The protocol drivers’ layer is also capable of rewriting, creating, and splitting data packets. The network-device drivers’ layer is the one that is responsible for routing data. The network-device drivers link a system with the most appropriate protocols to facilitate in the routing of data packets. This layer makes use of the Forwarding Information Base (FIB) concept which specifies the destination of the data packets (Siever, Figgins, & Love, 2009).

The layer also holds a cache of the recent routing decisions so as to make the routing process faster the next time the layer is used. The different networking tools for the Ubuntu operating system include the graphical tools, Bluetooth settings, personal file sharing, and remote desktop (Smith, 2005).

Ubuntu operating system is very secure. The security mechanisms adopted by the operating system include authentication and access control. Authentication ensures that only authorized people are allowed to gain access to the system. Access control on the other hand checks whether a user has the right to access certain files.

The operating system prevents access when necessary. Encryption is also an important tool that helps to protect the files of a particular user from intruders (Siever, Figgins, & Love, 2009). In this perspective, Ubuntu gives a person the option of encrypting the home folder so that only the current user and the root user can gain access to the personal files.

Input/ Output (I/O)

Windows XP I/O

The I/O is located in the Hardware Resources. It acts as a communication channel whereby the hardware devices in a computer communicate with each other. The I/O rate is very important in terms of influencing the time that a computer takes to boot. For example, old operating systems such as Windows 2000 often require the hard disk to rotate in a certain direction in order for the system to boot. In case of Desktops, the disks can manage to complete 80 to 100 I/Os in one second.

However, this rate is much slower in laptops (Parsons & Oja, 2008). The slow rate makes a computer to take more time to boot. However, with the development of Windows XP, the poorly organized I/O process was improved thereby making it easy for the operating system to be fetched when the operating system is starting.

In this context therefore, the I/O process can be overlapped when the machine is initializing. This provides a mechanism whereby the data which must be read when a computer is booting is scattered all over the disk thereby making the computer to take less time to boot.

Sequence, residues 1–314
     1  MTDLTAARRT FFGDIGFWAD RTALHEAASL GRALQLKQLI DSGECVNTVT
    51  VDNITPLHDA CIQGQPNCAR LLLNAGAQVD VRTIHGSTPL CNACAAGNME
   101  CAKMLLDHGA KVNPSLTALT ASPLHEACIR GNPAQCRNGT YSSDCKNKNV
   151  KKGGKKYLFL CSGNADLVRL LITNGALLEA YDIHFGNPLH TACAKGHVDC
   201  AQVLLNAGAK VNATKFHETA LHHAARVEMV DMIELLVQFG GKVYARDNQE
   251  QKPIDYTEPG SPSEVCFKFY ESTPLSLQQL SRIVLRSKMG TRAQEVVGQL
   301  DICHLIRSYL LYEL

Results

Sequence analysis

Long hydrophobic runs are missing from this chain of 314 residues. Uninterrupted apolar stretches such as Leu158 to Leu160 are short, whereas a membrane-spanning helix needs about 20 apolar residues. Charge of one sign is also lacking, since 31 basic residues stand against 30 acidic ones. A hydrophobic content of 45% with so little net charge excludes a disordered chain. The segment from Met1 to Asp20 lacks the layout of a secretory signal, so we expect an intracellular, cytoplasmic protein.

Many people look at I/O as a traditional way of analysing operating systems. They argue that the I/O is not important in cases where the computer controls the hardware directly. Operating systems such as DOS, Windows 95, and Windows 98 did not block access to the I/O in any way.

As a result, access to I/O was very easy and therefore posed very serious security threats to the computer. In this context therefore, it is possible for a program that is misbehaving to enter into the I/O address. This state of affairs ends up creating hitches in a network or the hard disk.

Operating systems such as Windows 2000, NT, ME, and XP block access to the I/O. However, there are still certain programs which can manage to gain access to the I/O (Smith, 2005). This is an indication that Windows is weak because of its inability to block access to the I/O completely.

Linux I/O

However, Linux has been able to adopt a mechanism which has proved to be effective in restricting unauthorised applications from gaining access to the I/O. Since Ubuntu does not run applications under root privileges, it is not vulnerable to security threats like Windows.

Ubuntu has been able to manipulate the permissions and the ownership of running software processes whereby a user is granted limited access to the I/O. Since Ubuntu has been able to create a bullet-proof method of limiting access to the I/O, it is very possible for Linux to program a hardware I/O which does not have security weaknesses. Ubuntu has been successful at limiting access to the I/O by designing a trusted I/O enabling program whose ownership is set to the root user.

This means that if a root user initializes the root enabling program, the program can only run in root privileges. Therefore, when the I/O enabling program is run, it only allows access to the ports that are desired (Radcliffe, 2005). These ports include the serial ports and the parallel printer ports. Linux operating systems are therefore more efficient than Windows.

Reference List

Awesome Inc 2011, Ubuntu 11.04 – General Overview, viewed on <http://just-more-thoughts.blogspot.com/2011/06/introduction-this-is-result-of- personal.html>.

Henderson T & Allen B 2011, Ubuntu 11.04 review,viewed on <http://review.techworld.com/operating-systems/3285638/ubuntu-1104-review/>.

Labmice 2006, Windows XP Security Checklist, viewed on <http://labmice.techtarget.com/articles/winxpsecuritychecklist.htm>.

Microsoft 2005, Working with File Systems , viewed on <http://technet.microsoft.com/en-us/library/bb457112.aspx>.

Nichol, A 2002, FAT & NTFS File Systems, viewed on <http://aumha.org/win5/a/ntfs.php>.

Parsons, J J & Oja, D 2008, Computer Concepts Illustrated Introductory, Cengage Learning, New York.

Radcliffe, P J 2005, Linux: A Clear Winner for Hardware I/O, viewed on <http://linuxgazette.net/112/radcliffe.html>.

Sechrest, S & Fortin, M 2001, Windows XP Performance, viewed on <http://technet.microsoft.com/en-us/library/bb457057.aspx>.

Siever, E, Figgins, S & Love, R 2009, Linux in a Nutshell, O’Reilly Media Inc, Cambridge.

Smith, R W 2005, Linux In A Windows World, O’Reilly Media Inc, Cambridge.